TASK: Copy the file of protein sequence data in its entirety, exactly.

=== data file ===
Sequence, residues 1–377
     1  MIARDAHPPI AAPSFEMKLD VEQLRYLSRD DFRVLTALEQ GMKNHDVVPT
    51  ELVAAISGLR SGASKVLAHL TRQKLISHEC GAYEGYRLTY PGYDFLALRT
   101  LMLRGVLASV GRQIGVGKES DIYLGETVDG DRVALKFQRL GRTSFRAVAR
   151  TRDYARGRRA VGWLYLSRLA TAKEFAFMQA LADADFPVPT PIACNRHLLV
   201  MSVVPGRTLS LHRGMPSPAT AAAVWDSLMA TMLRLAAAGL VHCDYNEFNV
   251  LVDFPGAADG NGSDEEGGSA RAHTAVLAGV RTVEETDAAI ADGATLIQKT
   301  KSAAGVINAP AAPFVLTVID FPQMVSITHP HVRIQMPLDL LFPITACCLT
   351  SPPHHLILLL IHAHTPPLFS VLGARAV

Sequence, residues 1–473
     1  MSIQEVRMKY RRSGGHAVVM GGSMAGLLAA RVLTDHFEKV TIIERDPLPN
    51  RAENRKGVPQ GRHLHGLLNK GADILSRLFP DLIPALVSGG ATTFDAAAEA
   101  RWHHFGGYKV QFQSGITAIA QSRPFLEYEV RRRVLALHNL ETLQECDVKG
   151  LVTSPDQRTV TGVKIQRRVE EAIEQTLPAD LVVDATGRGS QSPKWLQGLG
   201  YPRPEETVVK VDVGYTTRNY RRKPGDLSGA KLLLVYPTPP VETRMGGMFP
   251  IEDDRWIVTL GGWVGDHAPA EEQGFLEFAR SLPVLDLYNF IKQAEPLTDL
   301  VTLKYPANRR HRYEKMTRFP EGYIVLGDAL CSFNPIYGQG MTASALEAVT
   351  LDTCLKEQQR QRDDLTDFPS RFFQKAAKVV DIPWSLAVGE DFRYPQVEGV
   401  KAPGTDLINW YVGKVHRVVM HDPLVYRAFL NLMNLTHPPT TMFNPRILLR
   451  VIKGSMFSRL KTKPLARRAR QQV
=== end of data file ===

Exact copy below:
Sequence, residues 1–377
     1  MIARDAHPPI AAPSFEMKLD VEQLRYLSRD DFRVLTALEQ GMKNHDVVPT
    51  ELVAAISGLR SGASKVLAHL TRQKLISHEC GAYEGYRLTY PGYDFLALRT
   101  LMLRGVLASV GRQIGVGKES DIYLGETVDG DRVALKFQRL GRTSFRAVAR
   151  TRDYARGRRA VGWLYLSRLA TAKEFAFMQA LADADFPVPT PIACNRHLLV
   201  MSVVPGRTLS LHRGMPSPAT AAAVWDSLMA TMLRLAAAGL VHCDYNEFNV
   251  LVDFPGAADG NGSDEEGGSA RAHTAVLAGV RTVEETDAAI ADGATLIQKT
   301  KSAAGVINAP AAPFVLTVID FPQMVSITHP HVRIQMPLDL LFPITACCLT
   351  SPPHHLILLL IHAHTPPLFS VLGARAV

Sequence, residues 1–473
     1  MSIQEVRMKY RRSGGHAVVM GGSMAGLLAA RVLTDHFEKV TIIERDPLPN
    51  RAENRKGVPQ GRHLHGLLNK GADILSRLFP DLIPALVSGG ATTFDAAAEA
   101  RWHHFGGYKV QFQSGITAIA QSRPFLEYEV RRRVLALHNL ETLQECDVKG
   151  LVTSPDQRTV TGVKIQRRVE EAIEQTLPAD LVVDATGRGS QSPKWLQGLG
   201  YPRPEETVVK VDVGYTTRNY RRKPGDLSGA KLLLVYPTPP VETRMGGMFP
   251  IEDDRWIVTL GGWVGDHAPA EEQGFLEFAR SLPVLDLYNF IKQAEPLTDL
   301  VTLKYPANRR HRYEKMTRFP EGYIVLGDAL CSFNPIYGQG MTASALEAVT
   351  LDTCLKEQQR QRDDLTDFPS RFFQKAAKVV DIPWSLAVGE DFRYPQVEGV
   401  KAPGTDLINW YVGKVHRVVM HDPLVYRAFL NLMNLTHPPT TMFNPRILLR
   451  VIKGSMFSRL KTKPLARRAR QQV